There have already been many articles here at The Chess Improver on the importance of timely and harmonious development in the opening as vital principles for obtaining a decent game. I recently played a game that I thought was a thematic illustration of simply developing all the way to victory.
My opponent as Black played a dubious “Knight on the rim” opening idea that I’d never faced before. I simply developed normally and by move 11 already had a lead in development and a better Pawn structure. In the absence of early tactical tricks and advantageous Pawn structures, a lead in development is a big deal in chess. After move 11, White has three minor pieces out, and the Queen and two Rooks have obvious places to be developed at will without any barrier. Contrast this situation with Black’s: Black has only two minor pieces out, and although one Rook is “developed”, in reality it is in a position of weakness where it can be attacked easily. And worst of all, the Queen side is not only not developed, but also it is not clear how and when it can be: the light-squared Bishop cannot emerge without at least first making a Pawn move to free it.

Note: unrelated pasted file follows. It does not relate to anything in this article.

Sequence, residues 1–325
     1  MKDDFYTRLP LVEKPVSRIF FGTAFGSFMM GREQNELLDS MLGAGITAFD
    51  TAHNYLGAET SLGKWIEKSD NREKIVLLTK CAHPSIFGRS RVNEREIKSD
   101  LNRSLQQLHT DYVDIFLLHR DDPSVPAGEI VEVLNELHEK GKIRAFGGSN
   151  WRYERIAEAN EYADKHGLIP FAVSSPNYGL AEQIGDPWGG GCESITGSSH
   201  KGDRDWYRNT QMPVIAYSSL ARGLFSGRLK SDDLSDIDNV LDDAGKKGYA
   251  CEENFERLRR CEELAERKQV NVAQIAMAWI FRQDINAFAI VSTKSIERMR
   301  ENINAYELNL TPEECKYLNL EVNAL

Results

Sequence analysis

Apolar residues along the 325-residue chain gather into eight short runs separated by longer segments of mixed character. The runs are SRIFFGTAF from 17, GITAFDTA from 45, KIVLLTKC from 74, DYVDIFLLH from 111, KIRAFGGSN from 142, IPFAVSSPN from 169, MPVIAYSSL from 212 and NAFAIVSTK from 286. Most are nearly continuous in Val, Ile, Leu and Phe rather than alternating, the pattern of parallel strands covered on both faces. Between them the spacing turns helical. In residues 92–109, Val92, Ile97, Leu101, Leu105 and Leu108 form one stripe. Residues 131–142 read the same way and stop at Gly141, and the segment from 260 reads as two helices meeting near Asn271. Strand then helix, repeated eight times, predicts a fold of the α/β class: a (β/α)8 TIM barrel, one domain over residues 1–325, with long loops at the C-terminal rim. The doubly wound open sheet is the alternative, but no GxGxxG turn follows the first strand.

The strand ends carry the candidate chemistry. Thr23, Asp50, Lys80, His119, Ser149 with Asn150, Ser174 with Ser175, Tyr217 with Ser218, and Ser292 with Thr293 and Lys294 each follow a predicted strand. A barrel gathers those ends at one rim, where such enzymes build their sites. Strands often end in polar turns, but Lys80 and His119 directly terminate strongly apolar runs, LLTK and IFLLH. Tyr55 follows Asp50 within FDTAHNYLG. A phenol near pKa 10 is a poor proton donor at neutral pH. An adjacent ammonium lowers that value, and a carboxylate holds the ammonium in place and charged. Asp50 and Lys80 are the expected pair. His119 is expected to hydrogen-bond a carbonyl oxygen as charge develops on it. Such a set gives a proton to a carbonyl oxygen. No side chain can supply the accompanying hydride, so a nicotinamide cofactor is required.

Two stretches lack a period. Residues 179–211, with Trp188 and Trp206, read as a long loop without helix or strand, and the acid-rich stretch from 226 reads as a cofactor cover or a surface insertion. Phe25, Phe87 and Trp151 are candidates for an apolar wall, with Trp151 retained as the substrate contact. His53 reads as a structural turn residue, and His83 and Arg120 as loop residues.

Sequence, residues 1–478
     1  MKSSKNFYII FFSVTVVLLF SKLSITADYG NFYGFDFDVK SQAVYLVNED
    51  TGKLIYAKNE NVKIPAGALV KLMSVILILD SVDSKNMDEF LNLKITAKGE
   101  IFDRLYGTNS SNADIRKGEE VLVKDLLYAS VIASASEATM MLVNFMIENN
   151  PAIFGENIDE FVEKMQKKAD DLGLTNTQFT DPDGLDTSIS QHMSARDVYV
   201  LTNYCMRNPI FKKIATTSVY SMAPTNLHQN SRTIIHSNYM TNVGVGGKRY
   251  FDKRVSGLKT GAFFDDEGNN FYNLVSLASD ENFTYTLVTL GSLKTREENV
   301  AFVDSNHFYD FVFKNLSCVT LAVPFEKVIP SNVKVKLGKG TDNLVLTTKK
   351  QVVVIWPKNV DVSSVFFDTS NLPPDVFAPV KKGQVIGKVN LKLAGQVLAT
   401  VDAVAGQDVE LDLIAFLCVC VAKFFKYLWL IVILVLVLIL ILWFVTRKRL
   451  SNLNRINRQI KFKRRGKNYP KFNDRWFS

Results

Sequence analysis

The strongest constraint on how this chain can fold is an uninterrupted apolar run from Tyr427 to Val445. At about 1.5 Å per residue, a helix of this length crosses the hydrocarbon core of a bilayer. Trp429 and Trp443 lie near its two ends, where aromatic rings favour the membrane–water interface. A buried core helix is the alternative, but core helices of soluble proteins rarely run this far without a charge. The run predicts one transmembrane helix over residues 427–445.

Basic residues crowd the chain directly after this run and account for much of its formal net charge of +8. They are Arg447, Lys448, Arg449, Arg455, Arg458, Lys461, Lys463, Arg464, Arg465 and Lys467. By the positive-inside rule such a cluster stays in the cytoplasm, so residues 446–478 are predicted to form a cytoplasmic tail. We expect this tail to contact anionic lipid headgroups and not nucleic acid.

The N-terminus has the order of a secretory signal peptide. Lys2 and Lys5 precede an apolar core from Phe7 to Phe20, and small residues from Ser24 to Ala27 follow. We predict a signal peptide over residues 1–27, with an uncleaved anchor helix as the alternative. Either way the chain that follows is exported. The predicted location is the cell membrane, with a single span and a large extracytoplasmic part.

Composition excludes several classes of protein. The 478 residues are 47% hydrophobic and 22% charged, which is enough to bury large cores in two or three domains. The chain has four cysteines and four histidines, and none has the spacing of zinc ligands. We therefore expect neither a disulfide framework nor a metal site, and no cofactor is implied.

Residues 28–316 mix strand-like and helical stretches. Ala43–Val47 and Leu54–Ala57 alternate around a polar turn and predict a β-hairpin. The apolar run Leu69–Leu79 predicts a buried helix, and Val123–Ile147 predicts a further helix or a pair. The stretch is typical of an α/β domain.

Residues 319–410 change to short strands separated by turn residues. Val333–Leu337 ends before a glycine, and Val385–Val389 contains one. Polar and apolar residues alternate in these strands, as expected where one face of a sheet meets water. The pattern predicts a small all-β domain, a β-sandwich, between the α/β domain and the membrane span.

Black’s 11th move, a Pawn move did open up the way for development of the light-squared Bishop, but White developed the Queen. Black’s terrible 12th move just blocked it back in, as well as weakened the d6 Pawn. The game is already lost at this point. White already had enough forces developed to immediately begin winning material, by developing a Rook to back up the Queen. After White’s 13th move, let’s do some counting:
- White has 5 developed pieces: Knight, two Bishops, Queen, Rook.
- Black has 3 developed pieces: Knight, Bishop, Rook.
After Black lost an exchange, White continued developing. After move 24:
- White has 3 developed pieces: Queen, two Rooks.
- Black has 1 developed piece: Queen (the Queen side Rook and Bishop are still at home).
Here I somewhat slacked in my conversion to a win. Objectively I could have prevented Black from developing the final two pieces and gone for mate against the King, but instead, I chose a slow plan of advancing my passed e-Pawn. This plan allowed Black to develop the final two pieces, albeit very passively and defensively, but it was a simple way to squeeze to the point of being able to force a trivially winning ending. But the ending never happened, because Black simply blundered a Bishop away.
The annotated game